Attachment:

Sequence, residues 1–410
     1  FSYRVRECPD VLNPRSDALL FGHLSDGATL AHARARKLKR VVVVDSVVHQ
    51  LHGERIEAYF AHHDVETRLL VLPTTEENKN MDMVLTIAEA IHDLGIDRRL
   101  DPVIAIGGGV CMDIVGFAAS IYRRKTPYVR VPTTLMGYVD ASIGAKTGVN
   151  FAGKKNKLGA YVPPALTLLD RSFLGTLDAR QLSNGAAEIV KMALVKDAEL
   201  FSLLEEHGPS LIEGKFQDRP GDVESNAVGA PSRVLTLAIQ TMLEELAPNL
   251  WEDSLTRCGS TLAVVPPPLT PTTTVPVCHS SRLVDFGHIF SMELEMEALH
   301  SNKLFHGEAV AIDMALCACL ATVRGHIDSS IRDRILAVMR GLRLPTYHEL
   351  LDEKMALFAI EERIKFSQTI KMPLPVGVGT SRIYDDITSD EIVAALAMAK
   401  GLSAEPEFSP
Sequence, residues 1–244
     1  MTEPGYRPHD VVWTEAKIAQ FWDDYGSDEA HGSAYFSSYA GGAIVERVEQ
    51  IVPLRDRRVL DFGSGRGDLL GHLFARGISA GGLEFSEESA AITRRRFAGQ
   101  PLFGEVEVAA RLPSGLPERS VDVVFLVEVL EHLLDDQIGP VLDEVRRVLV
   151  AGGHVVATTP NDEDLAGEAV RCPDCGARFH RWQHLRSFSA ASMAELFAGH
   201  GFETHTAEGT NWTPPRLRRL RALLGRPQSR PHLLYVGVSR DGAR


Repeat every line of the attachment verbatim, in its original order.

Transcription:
Sequence, residues 1–410
     1  FSYRVRECPD VLNPRSDALL FGHLSDGATL AHARARKLKR VVVVDSVVHQ
    51  LHGERIEAYF AHHDVETRLL VLPTTEENKN MDMVLTIAEA IHDLGIDRRL
   101  DPVIAIGGGV CMDIVGFAAS IYRRKTPYVR VPTTLMGYVD ASIGAKTGVN
   151  FAGKKNKLGA YVPPALTLLD RSFLGTLDAR QLSNGAAEIV KMALVKDAEL
   201  FSLLEEHGPS LIEGKFQDRP GDVESNAVGA PSRVLTLAIQ TMLEELAPNL
   251  WEDSLTRCGS TLAVVPPPLT PTTTVPVCHS SRLVDFGHIF SMELEMEALH
   301  SNKLFHGEAV AIDMALCACL ATVRGHIDSS IRDRILAVMR GLRLPTYHEL
   351  LDEKMALFAI EERIKFSQTI KMPLPVGVGT SRIYDDITSD EIVAALAMAK
   401  GLSAEPEFSP
Sequence, residues 1–244
     1  MTEPGYRPHD VVWTEAKIAQ FWDDYGSDEA HGSAYFSSYA GGAIVERVEQ
    51  IVPLRDRRVL DFGSGRGDLL GHLFARGISA GGLEFSEESA AITRRRFAGQ
   101  PLFGEVEVAA RLPSGLPERS VDVVFLVEVL EHLLDDQIGP VLDEVRRVLV
   151  AGGHVVATTP NDEDLAGEAV RCPDCGARFH RWQHLRSFSA ASMAELFAGH
   201  GFETHTAEGT NWTPPRLRRL RALLGRPQSR PHLLYVGVSR DGAR